17 03 2011




Library Sorting Machine…03.16.11

16 03 2011




Librarians, QR Codes and the Gartner Hype Cycle…03.16.11

16 03 2011

An interesting post titled The QR Code Hype Cycle:

The Gartner Hype Cycle is a general graphical representation of the maturity and adoption of a technology. I have reproduced a version for QR Codes showing the relative positions of the West and Japan in the cycle…

You will see that QR Codes in the USA and Europe are in the ‘frenzy of publicity’ phase which is typified by over enthusiasm and unrealistic expectations. We know that they are at this stage because technology news sites like Mashable and ClickZ are publishing nonsensical QR Code statistics and crap advice on an almost daily basis. At the same time self appointed Marketing experts are falling over themselves to offer advice and instruction even though they have yet to design or manage a QR Code campaign.

It’s different in Japan, QR Codes are everywhere and if you have not visited in the last few years it is easy to imagine that scanning these codes is a major preoccupation for the average Japanese. This is not the case. Stand near a typical and prominently displayed QR Code in a busy area of Tokyo and watch what happens. Not very much is the answer, very few people will look at the code and you will be lucky to see someone stop and scan it. This is because in Japan QR Codes have lost their novelty value and they have simply blended into the background, just like other common symbols such as traffic signs. They are simply part of every day life and there has to be a very good reason to stop what you are doing and scan one. Japan has passed the peak of the hype cycle and is now in the ‘disillusionment phase’.

It is reasonable to assume that QR Codes in the West will follow a similar hype cycle path as they have in Japan. In which case it is worth looking at some statistics (not the made up variety!).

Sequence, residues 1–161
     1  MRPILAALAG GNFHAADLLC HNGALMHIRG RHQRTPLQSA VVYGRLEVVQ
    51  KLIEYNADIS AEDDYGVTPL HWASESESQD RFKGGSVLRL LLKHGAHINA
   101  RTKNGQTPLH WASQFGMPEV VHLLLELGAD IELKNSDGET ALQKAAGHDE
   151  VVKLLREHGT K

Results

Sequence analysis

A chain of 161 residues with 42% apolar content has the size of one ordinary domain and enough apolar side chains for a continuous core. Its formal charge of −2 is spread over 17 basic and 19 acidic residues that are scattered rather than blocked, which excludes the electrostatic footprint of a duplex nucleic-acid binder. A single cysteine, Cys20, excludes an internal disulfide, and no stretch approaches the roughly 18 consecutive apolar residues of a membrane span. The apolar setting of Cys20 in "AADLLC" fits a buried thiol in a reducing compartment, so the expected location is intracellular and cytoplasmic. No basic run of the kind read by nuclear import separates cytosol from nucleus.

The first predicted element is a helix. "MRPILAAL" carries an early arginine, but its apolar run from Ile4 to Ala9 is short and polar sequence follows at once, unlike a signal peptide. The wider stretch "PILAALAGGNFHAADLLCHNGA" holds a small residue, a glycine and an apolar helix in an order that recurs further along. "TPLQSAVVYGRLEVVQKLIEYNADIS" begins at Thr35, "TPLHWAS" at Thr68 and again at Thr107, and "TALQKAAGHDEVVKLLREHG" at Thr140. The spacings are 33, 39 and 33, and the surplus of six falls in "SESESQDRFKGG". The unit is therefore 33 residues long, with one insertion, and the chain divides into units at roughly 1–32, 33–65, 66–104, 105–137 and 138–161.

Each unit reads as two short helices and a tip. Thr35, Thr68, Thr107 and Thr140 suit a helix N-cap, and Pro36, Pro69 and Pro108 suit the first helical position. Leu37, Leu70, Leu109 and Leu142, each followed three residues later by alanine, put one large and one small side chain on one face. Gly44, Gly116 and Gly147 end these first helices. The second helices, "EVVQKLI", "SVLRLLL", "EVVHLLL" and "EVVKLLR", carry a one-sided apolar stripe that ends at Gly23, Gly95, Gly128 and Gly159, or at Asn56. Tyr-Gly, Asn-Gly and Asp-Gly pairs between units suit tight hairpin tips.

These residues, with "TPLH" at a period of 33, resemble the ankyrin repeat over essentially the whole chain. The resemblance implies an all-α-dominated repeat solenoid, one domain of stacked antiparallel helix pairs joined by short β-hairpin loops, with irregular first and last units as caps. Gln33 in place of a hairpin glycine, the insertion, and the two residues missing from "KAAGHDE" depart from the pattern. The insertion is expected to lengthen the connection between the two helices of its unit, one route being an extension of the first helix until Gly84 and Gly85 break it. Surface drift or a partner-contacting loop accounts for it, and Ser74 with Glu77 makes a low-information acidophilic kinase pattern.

A June 2009 study from NetAsia Research showed that 76% of the Japanese have or to be more precise “know they have”, the ability to access QR Codes. Obviously some use the facility more or less than others but the average across this group is 1.24 times per week. Not very often is it? The main reasons given for scanning the codes is also illuminating. There are really only three, 31.6% to use a coupon, 30.9% to apply for a special promotion and 22.7% to have more information on a product.

So this is the future of QR Codes in the West. They may generate curiosity or local publicity at the moment but QR Codes on real estate signs, business cards, product packaging etc., are not going to increase sales just because they are present. QR Codes that provide deep discounts, free samples, exclusive content etc., may increase sales but the number of scans and conversions will depend on the value of the offering.

Bottom line – design your QR Code campaign carefully, provide as big a reward to the consumer as possible and even then be prepared to be underwhelmed by the response.”





Augmented Reality For Marketers: Future of Consumer Interactions…03.16.11

16 03 2011




SXSW Top 10 List…03.16.11

16 03 2011




Have You Looked At Blogger Lately…03.14.11

14 03 2011